One thing that you might consider, which will lower your discount rate, is the Secure Electronic Transaction ("SET") protocol. The buyer uses special software to send credit card information to you. The information is encrypted, so it's scrambled and can only be read by the credit card company.

By using SET, you transmit the credit card information for processing and payment, but never have direct access to it. This makes the buyer's credit card information more secure. Many credit card companies favor this procedure, and you will probably pay a slightly lower discount rate for the card processing service. (More information about SET is available at

Debit-Based Payment Systems

Debit-based systems are a less frequently used alternative to credit cards for online payment. They are the digital equivalents of debit cards and checks, which are tied to bank accounts, and "stored value" cards such as pre-paid calling cards. Typically, you and your buyer need to have the proper software, and you may need to open an account with a particular processing service company. The buyer will use software to send encrypted information to you, and you then present the information to the service provider or bank for payment.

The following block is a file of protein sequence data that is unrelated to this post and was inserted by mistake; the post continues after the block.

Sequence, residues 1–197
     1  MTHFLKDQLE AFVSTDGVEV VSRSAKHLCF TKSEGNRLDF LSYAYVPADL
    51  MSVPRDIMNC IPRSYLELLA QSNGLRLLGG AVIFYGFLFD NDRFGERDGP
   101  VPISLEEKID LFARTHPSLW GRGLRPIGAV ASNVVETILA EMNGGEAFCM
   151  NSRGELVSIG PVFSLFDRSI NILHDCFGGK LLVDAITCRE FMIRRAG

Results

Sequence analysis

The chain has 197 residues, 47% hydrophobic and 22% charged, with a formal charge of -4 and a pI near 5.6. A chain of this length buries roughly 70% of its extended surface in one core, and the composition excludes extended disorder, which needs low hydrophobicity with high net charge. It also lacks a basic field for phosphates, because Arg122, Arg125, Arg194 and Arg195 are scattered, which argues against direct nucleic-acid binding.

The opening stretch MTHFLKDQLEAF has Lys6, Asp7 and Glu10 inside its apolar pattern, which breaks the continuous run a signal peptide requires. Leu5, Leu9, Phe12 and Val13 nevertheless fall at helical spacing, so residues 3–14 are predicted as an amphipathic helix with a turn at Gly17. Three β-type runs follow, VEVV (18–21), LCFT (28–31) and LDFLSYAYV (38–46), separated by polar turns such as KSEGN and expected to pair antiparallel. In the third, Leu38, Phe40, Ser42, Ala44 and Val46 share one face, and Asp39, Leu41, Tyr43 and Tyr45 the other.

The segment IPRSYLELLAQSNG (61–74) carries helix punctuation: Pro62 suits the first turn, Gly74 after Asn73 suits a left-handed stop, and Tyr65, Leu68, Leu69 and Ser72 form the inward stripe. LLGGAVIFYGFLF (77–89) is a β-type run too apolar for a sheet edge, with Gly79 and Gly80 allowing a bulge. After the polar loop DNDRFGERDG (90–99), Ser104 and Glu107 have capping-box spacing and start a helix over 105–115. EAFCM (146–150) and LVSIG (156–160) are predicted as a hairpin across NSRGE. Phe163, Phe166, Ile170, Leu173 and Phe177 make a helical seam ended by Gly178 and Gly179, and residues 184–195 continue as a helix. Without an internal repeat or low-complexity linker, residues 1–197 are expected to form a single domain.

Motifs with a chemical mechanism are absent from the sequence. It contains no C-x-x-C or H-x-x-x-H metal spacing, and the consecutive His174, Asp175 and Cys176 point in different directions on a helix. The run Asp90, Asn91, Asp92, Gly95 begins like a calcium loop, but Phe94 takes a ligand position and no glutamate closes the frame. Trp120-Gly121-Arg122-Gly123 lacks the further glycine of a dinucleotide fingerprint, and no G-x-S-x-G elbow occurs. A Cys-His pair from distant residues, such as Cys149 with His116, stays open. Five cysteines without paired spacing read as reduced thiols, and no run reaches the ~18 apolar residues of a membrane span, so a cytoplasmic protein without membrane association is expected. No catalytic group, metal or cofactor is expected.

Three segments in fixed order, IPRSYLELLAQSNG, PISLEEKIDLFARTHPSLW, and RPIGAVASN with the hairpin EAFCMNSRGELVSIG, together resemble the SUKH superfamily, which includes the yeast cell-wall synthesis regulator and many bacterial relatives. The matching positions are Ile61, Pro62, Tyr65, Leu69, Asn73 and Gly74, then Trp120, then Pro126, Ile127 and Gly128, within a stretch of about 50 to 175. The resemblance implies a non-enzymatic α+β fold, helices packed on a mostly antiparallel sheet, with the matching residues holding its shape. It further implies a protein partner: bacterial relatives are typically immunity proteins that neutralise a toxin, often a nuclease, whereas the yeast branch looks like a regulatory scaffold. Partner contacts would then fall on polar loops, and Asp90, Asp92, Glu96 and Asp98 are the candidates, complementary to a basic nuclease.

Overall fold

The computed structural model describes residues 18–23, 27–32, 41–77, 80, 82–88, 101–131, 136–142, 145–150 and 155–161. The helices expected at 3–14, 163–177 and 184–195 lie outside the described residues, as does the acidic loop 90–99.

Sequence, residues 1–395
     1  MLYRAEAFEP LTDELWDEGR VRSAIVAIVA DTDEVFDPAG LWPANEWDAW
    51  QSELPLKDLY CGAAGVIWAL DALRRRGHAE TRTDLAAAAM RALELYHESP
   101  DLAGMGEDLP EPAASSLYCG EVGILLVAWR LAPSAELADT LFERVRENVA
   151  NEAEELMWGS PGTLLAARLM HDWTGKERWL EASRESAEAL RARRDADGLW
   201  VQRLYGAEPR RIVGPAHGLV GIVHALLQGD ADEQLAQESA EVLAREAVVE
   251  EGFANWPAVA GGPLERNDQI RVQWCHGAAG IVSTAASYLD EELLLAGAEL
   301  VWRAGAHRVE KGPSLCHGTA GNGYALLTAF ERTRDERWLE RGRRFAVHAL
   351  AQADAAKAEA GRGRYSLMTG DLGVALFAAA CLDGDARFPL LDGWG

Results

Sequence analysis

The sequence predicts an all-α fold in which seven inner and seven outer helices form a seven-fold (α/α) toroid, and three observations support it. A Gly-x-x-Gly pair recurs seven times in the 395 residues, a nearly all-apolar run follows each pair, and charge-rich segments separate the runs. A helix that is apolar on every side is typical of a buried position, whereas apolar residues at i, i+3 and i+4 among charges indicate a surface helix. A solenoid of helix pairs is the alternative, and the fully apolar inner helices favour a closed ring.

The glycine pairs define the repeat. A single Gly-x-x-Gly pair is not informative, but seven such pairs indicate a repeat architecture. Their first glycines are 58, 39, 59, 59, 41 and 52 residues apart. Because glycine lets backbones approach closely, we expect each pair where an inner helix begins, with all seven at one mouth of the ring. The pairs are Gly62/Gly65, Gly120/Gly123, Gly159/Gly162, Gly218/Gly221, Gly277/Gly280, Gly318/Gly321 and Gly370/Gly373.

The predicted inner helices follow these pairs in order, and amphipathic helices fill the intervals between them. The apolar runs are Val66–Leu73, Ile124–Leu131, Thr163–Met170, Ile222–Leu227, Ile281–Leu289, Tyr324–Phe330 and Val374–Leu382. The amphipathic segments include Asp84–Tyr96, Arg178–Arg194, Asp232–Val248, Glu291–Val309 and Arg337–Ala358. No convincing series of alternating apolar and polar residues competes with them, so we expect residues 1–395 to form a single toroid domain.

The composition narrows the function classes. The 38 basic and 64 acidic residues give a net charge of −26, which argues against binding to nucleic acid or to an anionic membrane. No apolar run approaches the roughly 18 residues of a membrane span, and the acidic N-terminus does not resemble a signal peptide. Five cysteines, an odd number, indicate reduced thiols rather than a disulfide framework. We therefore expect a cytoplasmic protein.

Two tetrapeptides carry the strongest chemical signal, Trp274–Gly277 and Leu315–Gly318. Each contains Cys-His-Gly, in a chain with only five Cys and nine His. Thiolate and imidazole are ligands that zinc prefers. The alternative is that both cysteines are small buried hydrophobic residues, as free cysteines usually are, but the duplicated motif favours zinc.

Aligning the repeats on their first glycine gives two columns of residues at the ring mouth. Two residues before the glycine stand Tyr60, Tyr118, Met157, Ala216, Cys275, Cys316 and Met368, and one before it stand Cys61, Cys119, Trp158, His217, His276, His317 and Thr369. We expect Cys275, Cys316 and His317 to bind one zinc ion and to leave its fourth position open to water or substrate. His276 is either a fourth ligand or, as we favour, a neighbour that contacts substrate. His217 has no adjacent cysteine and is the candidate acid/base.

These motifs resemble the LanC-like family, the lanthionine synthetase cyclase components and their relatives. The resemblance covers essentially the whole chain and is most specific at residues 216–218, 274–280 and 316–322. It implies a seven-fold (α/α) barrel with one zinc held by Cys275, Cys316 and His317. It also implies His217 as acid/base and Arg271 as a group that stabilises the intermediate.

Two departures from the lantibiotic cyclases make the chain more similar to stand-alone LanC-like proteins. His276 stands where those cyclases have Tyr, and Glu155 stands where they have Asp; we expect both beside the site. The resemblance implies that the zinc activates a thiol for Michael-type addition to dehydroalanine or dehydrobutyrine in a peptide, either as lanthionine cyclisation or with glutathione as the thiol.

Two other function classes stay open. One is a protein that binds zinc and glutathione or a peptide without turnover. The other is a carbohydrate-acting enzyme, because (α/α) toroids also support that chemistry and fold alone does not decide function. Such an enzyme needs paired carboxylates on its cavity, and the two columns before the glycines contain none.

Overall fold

These systems can be very effective for small purchases, such as music, articles and games. Their advantage is that you usually have less risk of payment disputes and may face lower transaction fees than credit card transactions. Also, in systems such as CyberCoin, the buyer's payment is designated specifically for you, and it can only be used once. (More information about CyberCash and CyberCoin is available at

Digital Currency

The least used form of online payment is digital currency. In some ways, it's the most futuristic system for true "net-commerce". Imagine using electronic tokens that represent cash.